“Easier said than done” is a saying that can apply to many things: running a marathon, losing those last five pounds, eating dinner every night before 7:00 p.m. Creating an omnichannel experience?
For large enterprises, the most glaring difficulties can be overcome with money. The Starbucks of the world — NMI CEO Vijay Sondhi told PYMNTS in a recent conversation — can put years and hundreds of millions of dollars behind developing a mobile app, and integrating features like payments, rewards and order-ahead into that mobile offering. In this case, Starbucks has created a robust ecosystem, and the consumer can decide how much or little they wish to use.
For smaller businesses (SMBs), such as the corner coffee shops, the journey looks quite different.
First, the vast majority can’t build a robust ecosystem. Even if they wanted to, Sondhi said, they probably don't have the reach and range of a major player to justify it, or the customers they wish to serve aren’t all that anxious to download yet another app.
Even without an app, a small merchant still has the barrier of enrollment to overcome. The only way to have an omnichannel relationship with a consumer is to be able to follow that consumer as they move between those channels. It’s a tall order, Sondhi noted: a near-instant and automatic enrollment so frictionless that a consumer isn’t even asked to enroll.
“Doing that means using the payment method with the appropriate privacy and consent to opt in, so there is not enrollment required by the customer,” he said.
Connecting Omnicommerce To Payments
In theory, online transactions remove the friction from enrolling a consumer by making it part of the checkout experience, Sondhi noted, often with an inducement in the form of a discount in exchange for an email address and password. That’s not the case in the physical store, particularly for those SMBs that rely on “older, less advanced point-of-sale [POS] terminals” that were designed to take a payment, but not be interactive at all.
Integrated mobile point-of-sale (mPOS) systems — such as Square and Clover — deliver a different experience: a single interaction with a cloud-based POS that makes it much easier for a consumer to “enroll” while checking out. Sondhi explained that this process could be as simple as connecting an email to credit card data so that a receipt is automatically sent when a transaction is made. That offers a real inducement to consumers who get digital records of transactions wherever they shop, with merchants that have such systems in place, especially with the expected volume of contactless payments.
“They are still a minority of transactions today,” Sondhi said, “but they represent an important point of interaction between SMBs and their consumers in the future.”
When a consumer taps to pay, he explained, they will be automatically pinged with an offer to enroll in the loyalty program via their encrypted, tokenized card number by “just tapping ‘yes’ in response.”
Merchants Stuck In The Middle
Another fundamental challenge to rolling the SMB space into the omnichannel era is its size and diversity, according to Sondhi.
At the top of the commerce pyramid are the enterprise-sized firms with the most resources, and the biggest wells of expert IT tech support from which to draw. At the bottom is the massive class of super-small, micro-sized firms that have one to 10 employees, and do a fairly small amount of business each year.
“Right in the center of that pyramid is what I call the classic SMB,” he said, “and they are the group with the biggest challenges in transitioning to the reality of an omnicommerce world. Often, those challenges are associated with the specific vertical in which these SMBs operate. Gyms need different [payment] functionality than a dental office, which needs something different still from the local plumber or hardware store.”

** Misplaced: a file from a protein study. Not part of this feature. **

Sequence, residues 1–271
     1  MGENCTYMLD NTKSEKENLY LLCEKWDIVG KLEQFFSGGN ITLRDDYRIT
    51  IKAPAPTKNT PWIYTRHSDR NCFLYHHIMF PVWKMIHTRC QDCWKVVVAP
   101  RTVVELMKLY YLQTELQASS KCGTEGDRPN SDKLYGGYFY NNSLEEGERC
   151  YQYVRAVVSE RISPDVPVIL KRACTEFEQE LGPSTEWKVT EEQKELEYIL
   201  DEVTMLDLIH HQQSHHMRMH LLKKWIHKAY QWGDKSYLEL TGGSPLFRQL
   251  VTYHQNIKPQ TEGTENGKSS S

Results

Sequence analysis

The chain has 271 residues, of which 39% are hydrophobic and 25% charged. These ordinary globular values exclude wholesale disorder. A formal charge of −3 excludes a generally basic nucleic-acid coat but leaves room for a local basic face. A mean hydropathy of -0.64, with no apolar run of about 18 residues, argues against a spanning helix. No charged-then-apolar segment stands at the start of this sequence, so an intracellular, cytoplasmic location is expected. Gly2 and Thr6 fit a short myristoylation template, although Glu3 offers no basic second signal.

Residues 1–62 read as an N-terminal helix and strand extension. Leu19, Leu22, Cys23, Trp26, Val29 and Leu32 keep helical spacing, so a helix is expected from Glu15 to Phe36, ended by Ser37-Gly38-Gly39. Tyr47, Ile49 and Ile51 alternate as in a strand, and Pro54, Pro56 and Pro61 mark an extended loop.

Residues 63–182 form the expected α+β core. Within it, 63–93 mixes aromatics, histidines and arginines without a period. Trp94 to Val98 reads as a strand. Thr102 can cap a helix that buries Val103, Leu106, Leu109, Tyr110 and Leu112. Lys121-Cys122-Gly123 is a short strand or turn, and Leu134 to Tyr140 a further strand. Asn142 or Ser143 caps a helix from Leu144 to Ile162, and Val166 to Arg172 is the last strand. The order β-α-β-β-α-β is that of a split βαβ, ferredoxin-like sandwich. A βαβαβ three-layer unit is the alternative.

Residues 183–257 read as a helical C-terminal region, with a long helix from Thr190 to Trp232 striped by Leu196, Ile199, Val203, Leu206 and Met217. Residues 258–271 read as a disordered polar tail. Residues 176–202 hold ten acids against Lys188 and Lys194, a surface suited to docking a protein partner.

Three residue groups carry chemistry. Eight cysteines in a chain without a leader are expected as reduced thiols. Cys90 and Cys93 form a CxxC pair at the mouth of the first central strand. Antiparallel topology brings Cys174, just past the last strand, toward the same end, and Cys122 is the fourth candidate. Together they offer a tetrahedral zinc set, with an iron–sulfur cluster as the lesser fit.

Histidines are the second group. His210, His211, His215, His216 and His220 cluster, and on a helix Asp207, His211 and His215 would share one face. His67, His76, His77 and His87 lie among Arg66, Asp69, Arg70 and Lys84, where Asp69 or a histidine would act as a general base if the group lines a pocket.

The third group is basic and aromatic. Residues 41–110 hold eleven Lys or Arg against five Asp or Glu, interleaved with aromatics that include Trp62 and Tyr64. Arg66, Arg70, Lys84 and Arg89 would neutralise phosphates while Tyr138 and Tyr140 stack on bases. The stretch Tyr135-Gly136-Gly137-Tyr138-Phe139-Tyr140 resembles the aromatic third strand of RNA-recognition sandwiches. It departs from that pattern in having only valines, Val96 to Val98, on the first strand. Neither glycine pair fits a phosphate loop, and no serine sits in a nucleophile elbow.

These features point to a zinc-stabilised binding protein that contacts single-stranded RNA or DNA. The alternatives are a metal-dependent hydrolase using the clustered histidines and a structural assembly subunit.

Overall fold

It’s a trend Sondhi said he is seeing happen fast. The worst way to start that conversation, he added, is to talk about how great tokenized payments are that offer cool customer acquisition and retention capabilities.
“The best way to start that conversation is: ‘Wouldn’t you love to keep track [of] your customer regardless of whether they walked in the door, showed up online or tried to pay with their iPhone?’” he said.
While predictions are tough to make, Sondhi predicted that the next year will be “the revenge of the SMBs.” In much the same way that people started showrooming a few years ago (visiting objects in-store just to buy them online), only to reverse that trend a year or two later by “webrooming” and buying in physical stores after doing their research online, Sondhi said a similar reversal might be coming for SMBs that have been shut out of the omnichannel experience for years for lack of capacity.
The enterprise has softened the ground, he said, particularly around consumer habits. However, local places have an appeal to customers, especially if they can extract more value from them via omnicommerce experiences.
For example, he noted that in San Francisco where he lives, people go to Blue Bottle Coffee, even though it charges 50 percent more for a cappuccino than Starbucks, because the coffee is known to be better. If Blue Bottle can add to its reputation for better quality with a simple onboarding process and a greater recognition of customers when they are in the store, many more customers can probably be pulled into buying from the SMB instead of Starbucks, Sondhi said.
The lesson for all SMBs is clear, Sondhi said: Use technology to recognize the customer whenever they walk through the physical or digital door, and that consumer will pick the SMB over the national brand in many cases. That ability for the SMB to have all the functionality of an enterprise-level retailer, with the personalized experience of an SMB, means “the SMB can have their cake and eat it, too.”